Data retention laws ineffective
At the end of October Australia’s new internet surveillance laws were presented to parliament. I refer to them as internet surveillance laws, not anti-terror laws or national security laws, because they will not protect us from terrorists. The failure of domestic surveillance to stop terrorism is clearly demonstrated by examining similar programs in the United States.
After the tragic events of September 11, the United States began building a domestic and foreign surveillance apparatus that far exceeds anything we have in Australia. Today, almost every phone call, SMS and internet request [in the US] runs through a National Security Agency system. The NSA obtains phone records from mobile companies, hacks into Google and Microsoft servers to obtain email, and even attaches bugs to the giant trans-Atlantic cables that carry the internet around the globe. You’d think that this mass surveillance program would have caught a large number of terrorists.
In reality, it has caught almost none.
A panel, personally appointed by President Obama, found the NSA’s mass surveillance was “not essential to preventing attacks and could readily have been obtained in a timely manner using conventional [court] orders”. In January, the New America Foundation analysed the legal proceedings of 225 Americans indicted or convicted of terrorist activity. They found that mass surveillance was only relevant to 1.8 per cent of these prosecutions – and even then, conventional, targeted intelligence methods could have produced the same results. The study’s results indicate the NSA’s domestic surveillance “has had no discernible impact on preventing acts of terrorism”, the Washington Post reported.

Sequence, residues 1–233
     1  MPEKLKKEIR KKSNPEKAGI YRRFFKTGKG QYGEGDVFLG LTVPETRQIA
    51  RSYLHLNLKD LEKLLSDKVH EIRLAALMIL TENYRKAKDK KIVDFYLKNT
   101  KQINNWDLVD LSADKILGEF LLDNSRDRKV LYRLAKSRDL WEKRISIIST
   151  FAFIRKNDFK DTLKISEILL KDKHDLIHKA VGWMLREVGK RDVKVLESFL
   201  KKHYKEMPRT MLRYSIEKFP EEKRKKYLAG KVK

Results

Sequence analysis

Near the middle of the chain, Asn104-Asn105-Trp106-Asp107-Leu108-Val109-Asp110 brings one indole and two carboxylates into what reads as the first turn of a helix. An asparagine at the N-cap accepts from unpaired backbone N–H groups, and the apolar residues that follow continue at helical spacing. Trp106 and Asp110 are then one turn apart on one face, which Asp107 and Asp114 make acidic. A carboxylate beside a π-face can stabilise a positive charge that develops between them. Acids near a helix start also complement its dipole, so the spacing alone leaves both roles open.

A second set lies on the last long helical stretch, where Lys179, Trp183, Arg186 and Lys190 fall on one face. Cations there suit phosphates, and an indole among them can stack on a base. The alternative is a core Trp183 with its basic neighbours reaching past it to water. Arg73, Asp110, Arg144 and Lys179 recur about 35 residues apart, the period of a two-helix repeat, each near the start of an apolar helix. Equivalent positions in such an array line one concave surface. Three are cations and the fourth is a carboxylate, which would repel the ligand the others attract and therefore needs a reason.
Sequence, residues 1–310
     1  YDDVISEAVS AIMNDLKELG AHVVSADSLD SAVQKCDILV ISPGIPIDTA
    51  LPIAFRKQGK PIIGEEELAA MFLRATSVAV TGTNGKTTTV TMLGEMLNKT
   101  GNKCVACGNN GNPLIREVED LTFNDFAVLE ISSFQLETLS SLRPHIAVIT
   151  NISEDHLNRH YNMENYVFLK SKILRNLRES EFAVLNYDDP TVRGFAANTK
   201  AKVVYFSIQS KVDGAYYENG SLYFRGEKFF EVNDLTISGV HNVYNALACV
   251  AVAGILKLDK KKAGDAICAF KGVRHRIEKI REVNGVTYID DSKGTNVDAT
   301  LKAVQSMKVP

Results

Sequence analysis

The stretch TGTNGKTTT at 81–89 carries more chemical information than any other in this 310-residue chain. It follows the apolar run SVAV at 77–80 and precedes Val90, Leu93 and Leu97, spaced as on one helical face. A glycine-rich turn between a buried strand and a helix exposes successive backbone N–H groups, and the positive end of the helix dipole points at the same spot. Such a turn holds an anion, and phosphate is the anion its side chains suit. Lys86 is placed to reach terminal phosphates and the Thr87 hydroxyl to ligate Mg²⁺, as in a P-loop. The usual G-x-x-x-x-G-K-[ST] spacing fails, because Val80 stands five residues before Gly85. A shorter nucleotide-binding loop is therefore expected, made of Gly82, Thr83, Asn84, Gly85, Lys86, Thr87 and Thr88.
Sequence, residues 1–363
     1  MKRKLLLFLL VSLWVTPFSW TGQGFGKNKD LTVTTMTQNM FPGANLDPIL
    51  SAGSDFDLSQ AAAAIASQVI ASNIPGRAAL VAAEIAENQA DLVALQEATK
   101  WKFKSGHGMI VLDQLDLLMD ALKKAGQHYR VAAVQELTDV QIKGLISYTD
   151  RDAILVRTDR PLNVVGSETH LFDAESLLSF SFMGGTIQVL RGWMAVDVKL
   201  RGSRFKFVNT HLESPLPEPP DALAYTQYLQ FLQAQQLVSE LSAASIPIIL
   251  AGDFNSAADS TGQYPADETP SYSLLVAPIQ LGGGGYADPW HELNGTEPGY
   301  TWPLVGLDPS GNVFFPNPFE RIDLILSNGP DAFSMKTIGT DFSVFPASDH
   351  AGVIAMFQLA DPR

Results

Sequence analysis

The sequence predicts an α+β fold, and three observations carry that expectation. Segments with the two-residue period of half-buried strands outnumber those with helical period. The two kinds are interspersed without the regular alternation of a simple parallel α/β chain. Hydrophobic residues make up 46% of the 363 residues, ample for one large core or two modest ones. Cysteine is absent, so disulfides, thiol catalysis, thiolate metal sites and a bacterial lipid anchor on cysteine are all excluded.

So if mass surveillance has been almost useless in defending the United States from terrorists, why are we bringing it to Australia? With our country’s terror alert recently raised to “high”, shouldn’t we be using intelligence practices that actually work? The evidence from the US is clear: indiscriminate surveillance of an entire country doesn’t work. Regular, targeted surveillance of suspicious individuals is the most effective way of stopping terrorism. Instead of throwing away millions of dollars – and priceless freedoms – on an expensive mass surveillance apparatus, why don’t we just increase police and traditional intelligence budgets?
The cost-benefit analysis for mass surveillance doesn’t look good. The government asked us to trade some freedom for national security. But really we are being asked to trade our freedom for what amounts to a souped-up Neighbourhood Watch sticker.
Adam Chalmers is a member of the Young Greens.